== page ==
Monday, July 24, 2017
The Kenton Alums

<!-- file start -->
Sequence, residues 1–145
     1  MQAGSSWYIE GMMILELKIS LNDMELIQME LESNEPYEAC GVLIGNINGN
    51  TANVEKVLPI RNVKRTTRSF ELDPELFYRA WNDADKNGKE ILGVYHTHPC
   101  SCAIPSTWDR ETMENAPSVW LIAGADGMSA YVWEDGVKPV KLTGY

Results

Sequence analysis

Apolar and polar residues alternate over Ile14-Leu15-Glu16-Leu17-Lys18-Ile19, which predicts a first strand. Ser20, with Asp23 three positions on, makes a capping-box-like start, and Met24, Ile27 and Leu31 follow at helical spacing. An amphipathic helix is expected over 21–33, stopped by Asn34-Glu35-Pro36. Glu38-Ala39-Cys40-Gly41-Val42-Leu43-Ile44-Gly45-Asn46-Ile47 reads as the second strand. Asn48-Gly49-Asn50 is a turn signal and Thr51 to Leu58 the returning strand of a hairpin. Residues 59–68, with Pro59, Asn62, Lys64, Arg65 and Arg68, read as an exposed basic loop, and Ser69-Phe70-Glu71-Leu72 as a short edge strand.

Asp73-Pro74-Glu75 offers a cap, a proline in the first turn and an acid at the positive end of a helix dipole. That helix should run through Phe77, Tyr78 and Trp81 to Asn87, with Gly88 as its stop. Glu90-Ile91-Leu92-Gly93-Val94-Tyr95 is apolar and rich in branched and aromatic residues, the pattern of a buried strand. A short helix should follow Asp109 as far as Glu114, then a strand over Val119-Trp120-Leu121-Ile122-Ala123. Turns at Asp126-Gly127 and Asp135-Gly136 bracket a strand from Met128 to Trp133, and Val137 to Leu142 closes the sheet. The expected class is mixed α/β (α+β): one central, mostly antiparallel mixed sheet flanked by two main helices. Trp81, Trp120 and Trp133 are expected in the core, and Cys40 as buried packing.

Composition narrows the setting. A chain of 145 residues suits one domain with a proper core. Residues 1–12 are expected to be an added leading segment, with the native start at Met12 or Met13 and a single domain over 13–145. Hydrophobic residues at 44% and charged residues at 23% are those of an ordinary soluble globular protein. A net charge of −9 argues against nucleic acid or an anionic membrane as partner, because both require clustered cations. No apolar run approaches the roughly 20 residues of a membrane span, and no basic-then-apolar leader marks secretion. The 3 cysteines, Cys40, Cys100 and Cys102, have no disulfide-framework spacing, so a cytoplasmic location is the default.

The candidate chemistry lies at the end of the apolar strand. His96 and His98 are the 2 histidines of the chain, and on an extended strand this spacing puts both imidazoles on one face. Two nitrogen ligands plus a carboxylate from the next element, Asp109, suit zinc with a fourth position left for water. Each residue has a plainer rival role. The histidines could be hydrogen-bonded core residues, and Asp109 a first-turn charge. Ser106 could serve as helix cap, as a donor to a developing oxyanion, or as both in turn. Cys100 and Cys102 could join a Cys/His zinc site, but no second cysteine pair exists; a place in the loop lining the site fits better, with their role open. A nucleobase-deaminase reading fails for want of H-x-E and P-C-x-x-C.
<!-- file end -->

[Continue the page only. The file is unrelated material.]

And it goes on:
Some of you might take issue with this, but I'm just going to say it and let the chips fall where they may. I'm not an overwhelming wild-eyed fan of the Stan Kenton Orchestra. I own about a dozen SK albums, so it might be said that I recognize his place in jazz history. The "Kenton sound" as it became known, was bright, brassy, and orchestral. It was impeccably arranged, but to my ear it didn't always swing. Still, we must credit Kenton for possessing a great ear [?] for superb players in his orchestra. Many of them started their careers in the Kenton nest [?] and others used it as a springboard to later fame. Among them were the following: [paragraph?] Jack Sheldon, the witty trumpet player and occasional singer; Zoot Sims, bear [?] of the incessantly swinging tenor sax; Lennie Niehaus, an alto player who would move on as a leader and arranger of significance; Tenor man Bill Holman, whose arranging skills would make him one of the most in demand in that arena; Troubled trombonist Frank Rosolino, first call cat in both movie and recording studios; and Art Pepper, who despite his addictive lifestyle, would become a major [what?] [alto sax]. Other Kentonites who moved on [repetition] to prominence in their own right include Lee Konitz, alto; Stan Levey, drums; Conte Condoli, trumpet; Bob Cooper and Bill Perkins, tenor sax; and two outstanding singers, June Christy and Chris Connor. All said, that's a truckful of talent. Stan Kenton recognized it, encouraged it, and gave it to the jazz world as a great gift.